|Polycystic liver disease|
|Micrograph showing a von Meyenburg complex, a bile duct hamartoma associated with polycystic liver disease. Trichrome stain.|
Polycystic liver disease (PLD) usually describes the presence of multiple cysts scattered throughout normal liver tissue. PLD is commonly seen in association with autosomal-dominant polycystic kidney disease, with a prevalence of 1 in 400 to 1000, and accounts for 8–10% of all cases of end-stage renal disease. The much rarer autosomal-dominant polycystic liver disease will progress without any kidney involvement.
Associations with PRKCSH and SEC63 have been described. Polycystic liver disease comes in two forms: autosomal dominant polycystic kidney disease (with kidney cysts) and autosomal dominant polycystic liver disease (liver cysts only).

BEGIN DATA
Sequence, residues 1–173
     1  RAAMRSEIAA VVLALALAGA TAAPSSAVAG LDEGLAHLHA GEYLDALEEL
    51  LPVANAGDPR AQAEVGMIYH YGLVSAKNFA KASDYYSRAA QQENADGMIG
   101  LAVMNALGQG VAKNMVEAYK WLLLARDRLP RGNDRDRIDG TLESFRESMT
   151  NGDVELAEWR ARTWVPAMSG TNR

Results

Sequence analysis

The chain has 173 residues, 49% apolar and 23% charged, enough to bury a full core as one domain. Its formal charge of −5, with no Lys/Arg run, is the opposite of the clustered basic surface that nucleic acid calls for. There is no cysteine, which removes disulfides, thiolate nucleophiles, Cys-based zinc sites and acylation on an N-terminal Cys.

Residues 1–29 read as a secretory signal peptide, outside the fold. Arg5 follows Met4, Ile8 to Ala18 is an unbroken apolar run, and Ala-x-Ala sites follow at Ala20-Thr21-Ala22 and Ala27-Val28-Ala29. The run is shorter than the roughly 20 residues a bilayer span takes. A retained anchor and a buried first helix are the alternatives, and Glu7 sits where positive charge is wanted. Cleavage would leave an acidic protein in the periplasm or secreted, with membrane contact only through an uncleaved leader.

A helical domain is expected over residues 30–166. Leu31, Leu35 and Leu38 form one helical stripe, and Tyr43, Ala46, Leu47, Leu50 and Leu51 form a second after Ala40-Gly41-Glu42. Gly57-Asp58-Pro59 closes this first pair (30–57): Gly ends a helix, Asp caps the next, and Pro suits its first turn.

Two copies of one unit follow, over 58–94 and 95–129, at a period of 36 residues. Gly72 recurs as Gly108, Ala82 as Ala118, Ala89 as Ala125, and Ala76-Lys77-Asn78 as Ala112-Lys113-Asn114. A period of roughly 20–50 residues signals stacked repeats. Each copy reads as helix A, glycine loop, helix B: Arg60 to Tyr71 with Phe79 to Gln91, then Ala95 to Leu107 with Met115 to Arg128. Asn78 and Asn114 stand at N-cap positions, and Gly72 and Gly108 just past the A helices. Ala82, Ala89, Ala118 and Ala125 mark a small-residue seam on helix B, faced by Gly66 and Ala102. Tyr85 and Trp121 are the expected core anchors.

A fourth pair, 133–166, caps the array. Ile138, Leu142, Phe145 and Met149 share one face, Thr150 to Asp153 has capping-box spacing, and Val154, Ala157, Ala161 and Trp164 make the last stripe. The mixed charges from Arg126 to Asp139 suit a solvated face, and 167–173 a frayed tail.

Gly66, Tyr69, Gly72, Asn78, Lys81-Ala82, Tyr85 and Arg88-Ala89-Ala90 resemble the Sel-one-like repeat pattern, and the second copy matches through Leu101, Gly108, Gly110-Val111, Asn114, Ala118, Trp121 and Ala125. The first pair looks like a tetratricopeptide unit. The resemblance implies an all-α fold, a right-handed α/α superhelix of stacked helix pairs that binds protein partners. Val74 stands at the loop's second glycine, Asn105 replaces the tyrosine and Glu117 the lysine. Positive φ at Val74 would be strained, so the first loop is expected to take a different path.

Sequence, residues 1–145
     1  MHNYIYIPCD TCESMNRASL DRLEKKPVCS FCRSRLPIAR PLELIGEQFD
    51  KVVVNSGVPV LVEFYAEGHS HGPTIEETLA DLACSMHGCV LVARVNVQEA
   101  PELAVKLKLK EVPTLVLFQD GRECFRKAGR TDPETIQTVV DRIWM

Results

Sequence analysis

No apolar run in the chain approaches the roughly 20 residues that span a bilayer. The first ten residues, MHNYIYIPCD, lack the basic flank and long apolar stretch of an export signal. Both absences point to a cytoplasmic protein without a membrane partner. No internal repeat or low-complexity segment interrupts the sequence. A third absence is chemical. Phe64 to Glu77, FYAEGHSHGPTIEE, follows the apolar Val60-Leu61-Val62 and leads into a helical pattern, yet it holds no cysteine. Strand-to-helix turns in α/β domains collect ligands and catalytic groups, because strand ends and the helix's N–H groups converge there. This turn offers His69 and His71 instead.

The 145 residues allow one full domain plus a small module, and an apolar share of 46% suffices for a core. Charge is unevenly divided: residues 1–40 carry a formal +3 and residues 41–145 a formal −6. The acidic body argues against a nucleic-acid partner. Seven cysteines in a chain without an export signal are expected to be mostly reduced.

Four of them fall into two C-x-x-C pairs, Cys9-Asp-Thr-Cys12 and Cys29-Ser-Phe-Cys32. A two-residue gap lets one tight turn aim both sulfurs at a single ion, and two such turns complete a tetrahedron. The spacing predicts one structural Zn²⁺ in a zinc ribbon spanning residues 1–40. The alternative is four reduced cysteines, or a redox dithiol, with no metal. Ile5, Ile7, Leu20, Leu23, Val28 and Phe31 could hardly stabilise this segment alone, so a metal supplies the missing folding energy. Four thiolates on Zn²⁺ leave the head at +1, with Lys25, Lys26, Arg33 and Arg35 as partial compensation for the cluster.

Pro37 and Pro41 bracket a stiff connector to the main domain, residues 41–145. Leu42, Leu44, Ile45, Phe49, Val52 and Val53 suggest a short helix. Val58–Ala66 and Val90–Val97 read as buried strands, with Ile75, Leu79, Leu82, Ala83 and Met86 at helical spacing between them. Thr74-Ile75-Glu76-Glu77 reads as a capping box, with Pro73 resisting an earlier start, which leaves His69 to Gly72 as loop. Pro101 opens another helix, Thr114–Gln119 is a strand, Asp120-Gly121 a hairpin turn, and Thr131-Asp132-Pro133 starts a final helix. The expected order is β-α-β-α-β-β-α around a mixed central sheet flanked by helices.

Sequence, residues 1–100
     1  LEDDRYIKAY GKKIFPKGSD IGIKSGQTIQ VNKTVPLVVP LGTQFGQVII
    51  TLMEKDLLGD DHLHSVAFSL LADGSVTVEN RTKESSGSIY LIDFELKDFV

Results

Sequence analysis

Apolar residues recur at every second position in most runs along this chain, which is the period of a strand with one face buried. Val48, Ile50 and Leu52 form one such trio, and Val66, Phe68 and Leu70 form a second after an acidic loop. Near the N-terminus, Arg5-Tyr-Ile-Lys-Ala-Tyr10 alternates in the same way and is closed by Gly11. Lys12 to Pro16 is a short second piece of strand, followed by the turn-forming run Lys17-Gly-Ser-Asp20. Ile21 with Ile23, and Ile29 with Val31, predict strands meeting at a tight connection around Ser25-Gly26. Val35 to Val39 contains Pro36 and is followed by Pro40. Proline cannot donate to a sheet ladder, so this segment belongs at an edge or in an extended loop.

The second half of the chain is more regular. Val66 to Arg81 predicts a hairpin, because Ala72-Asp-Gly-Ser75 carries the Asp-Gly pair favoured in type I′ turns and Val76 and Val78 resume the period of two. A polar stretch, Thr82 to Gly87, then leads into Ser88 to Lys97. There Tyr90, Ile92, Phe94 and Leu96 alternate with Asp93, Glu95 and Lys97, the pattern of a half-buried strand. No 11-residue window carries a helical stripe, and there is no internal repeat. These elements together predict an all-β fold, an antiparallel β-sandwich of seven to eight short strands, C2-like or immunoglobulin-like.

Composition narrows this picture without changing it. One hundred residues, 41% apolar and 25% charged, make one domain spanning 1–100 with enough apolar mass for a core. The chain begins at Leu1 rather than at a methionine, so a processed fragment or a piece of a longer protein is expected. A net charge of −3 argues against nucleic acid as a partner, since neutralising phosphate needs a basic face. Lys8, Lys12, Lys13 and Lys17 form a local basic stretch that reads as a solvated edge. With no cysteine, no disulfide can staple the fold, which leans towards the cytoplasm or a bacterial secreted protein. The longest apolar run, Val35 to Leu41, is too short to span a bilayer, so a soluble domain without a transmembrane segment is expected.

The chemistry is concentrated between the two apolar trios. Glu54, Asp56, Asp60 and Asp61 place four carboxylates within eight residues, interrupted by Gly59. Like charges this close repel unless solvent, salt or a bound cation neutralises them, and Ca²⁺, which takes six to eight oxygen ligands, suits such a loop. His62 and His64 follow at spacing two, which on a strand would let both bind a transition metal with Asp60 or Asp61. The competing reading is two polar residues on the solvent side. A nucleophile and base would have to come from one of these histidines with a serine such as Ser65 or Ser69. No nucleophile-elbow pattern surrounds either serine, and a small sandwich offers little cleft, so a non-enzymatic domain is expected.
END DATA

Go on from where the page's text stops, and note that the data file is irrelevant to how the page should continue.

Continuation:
Most patients with PLD are asymptomatic with simple cysts found following routine investigations. After confirming the presence of cysts in the liver, laboratory tests may be ordered to check for liver function including bilirubin, alkaline phosphatase, alanine aminotransferase, and prothrombin time.
Patients with PLD often have an enlarged liver which will compress adjacent organs, leading to nausea, respiratory issues, and limited physical ability. Classification of the progression of the disease takes into consideration the amount of remaining liver parenchyma compared to the amount and size of cysts.
Polycystic liver disease can exist either as isolated polycystic liver disease (PCLD), part of autosomal dominant polycystic kidney disease (ADPKD), or autosomal recessive polycystic kidney disease (ARPKD).
Many patients are asymptomatic and thus are not candidates for surgery. For patients with pain or complications from the cysts, the goal of treatment is to reduce the size of cysts while protecting the functioning liver parenchyma.
Cysts may be removed surgically or by using aspiration sclerotherapy.